– We want to engage in regional development locally. Because the Fehmarn tunnel offers vast opportunities for the people at the belt. Work, live, learn – all this will take place in one region in the future. Where the sea still divides people, there will grow a new region, chairmant of “beltoffen”, Björn Prölß, answers to the question of why a pro-Fehmarn organisation has been established.
Interestingly, the chairman cannot recognize the picture of a general negative attitude against the Fehmarn link, such as the media and tunnel opponents’ convey:
– I do not see visible regional resistance generally corresponding to the East-Holsteiners’ attitude. The positive attitude from the center of society is much larger than many would imagine. And “beltoffen” wants to lend a voice to the silent majority. My assumption is that many critics will gradually come to think twice. Especially because the traffic will become greener through the massive expansion of the railway, says Björn Prölß.
For him the organisation’s main task is perfectly clear: We will actively participate in the planning of the project, both politically and on a concrete local plan, says Prölß. Therefore, beltoffen are testing the water with the man on the street:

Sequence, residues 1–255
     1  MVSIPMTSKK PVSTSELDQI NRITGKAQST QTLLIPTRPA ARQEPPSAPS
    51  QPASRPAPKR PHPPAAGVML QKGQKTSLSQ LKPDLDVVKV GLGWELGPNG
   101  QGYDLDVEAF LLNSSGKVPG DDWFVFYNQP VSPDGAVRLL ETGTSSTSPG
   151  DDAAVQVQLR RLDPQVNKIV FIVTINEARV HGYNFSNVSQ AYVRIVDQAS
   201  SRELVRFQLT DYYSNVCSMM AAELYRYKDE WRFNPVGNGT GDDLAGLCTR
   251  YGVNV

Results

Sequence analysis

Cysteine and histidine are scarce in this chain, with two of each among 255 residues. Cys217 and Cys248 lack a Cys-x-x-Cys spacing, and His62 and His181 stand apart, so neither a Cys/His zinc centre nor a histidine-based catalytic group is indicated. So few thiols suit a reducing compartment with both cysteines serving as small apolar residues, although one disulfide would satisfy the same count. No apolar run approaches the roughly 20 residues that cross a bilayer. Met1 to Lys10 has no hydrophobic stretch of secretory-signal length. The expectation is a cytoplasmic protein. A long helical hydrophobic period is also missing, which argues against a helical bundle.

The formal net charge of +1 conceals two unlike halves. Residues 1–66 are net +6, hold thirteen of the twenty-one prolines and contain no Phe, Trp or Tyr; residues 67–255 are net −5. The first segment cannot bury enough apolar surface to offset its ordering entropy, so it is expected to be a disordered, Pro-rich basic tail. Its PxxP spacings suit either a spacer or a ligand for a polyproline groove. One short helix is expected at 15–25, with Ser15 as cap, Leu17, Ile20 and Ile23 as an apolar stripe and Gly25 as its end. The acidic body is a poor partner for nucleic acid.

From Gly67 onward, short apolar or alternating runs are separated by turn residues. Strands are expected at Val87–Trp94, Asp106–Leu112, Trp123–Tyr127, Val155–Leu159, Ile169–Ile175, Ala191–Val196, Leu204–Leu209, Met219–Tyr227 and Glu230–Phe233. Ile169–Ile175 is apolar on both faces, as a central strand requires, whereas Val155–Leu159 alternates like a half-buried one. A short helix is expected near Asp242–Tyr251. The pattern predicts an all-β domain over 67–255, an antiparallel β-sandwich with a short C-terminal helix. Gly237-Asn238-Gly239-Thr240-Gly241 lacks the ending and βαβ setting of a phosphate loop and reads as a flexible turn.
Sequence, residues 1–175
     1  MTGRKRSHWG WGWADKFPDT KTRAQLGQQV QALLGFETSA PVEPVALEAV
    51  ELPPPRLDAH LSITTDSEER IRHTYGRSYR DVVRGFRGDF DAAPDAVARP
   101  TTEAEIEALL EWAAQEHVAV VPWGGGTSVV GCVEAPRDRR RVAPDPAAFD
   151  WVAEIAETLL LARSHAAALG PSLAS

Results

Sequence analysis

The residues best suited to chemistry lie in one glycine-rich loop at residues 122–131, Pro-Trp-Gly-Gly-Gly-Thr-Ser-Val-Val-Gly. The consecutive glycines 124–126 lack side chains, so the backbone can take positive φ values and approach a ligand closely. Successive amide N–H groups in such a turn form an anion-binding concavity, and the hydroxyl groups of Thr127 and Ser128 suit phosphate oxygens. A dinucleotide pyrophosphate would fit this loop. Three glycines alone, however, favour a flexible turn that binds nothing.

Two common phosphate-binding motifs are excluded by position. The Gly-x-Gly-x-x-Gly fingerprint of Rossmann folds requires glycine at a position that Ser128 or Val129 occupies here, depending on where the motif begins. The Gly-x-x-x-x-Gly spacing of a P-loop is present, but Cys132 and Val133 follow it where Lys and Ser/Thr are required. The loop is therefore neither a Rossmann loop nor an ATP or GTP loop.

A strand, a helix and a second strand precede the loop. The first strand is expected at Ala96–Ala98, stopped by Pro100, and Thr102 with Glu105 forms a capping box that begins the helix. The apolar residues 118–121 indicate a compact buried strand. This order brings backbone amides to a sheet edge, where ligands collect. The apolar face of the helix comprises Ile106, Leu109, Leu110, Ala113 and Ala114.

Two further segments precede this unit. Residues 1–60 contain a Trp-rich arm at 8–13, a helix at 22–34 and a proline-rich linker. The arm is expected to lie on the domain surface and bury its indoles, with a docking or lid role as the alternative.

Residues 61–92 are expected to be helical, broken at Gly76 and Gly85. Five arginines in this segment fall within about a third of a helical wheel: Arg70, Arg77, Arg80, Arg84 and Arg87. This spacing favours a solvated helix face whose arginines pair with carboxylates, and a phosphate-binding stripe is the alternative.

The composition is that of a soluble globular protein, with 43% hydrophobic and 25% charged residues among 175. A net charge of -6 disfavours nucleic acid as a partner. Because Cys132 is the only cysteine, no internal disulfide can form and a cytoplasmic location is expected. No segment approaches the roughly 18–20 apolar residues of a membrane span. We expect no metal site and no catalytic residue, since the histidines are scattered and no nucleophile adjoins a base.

– Just before Easter, we conducted a survey on the street, which we will expand online. This survey is more than just an attitude test. We will listen to people and find out what can be done better. Moreover, we have started our website beltoffen.de, which will increasingly serve as a platform for various stakeholders. In addition, we will take part in social media and we want to network, emphasizes Prölß.
Still “secret” and until now unseen events regarding the Fehmarn tunnel and regional development as overarching themes are to create surprises.
And how does “beltoffen” view chances of a regional cross-border integration outside the metropolises of Hamburg and Copenhagen – at a time when EU cooperation is eroding?
He is optimistic, the president says, and he looks forward the emergence of a common region on both sides of the Fehmarnbelt.
– The history of the European integration process has indeed experienced many ups and downs through the decades. Historically, the national states are still quite young. Nevertheless, especially Scandinavia and Northern Germany are connected through mutual history and a close interaction of business and culture. Where else, if not here, could Europe move forward by leaps?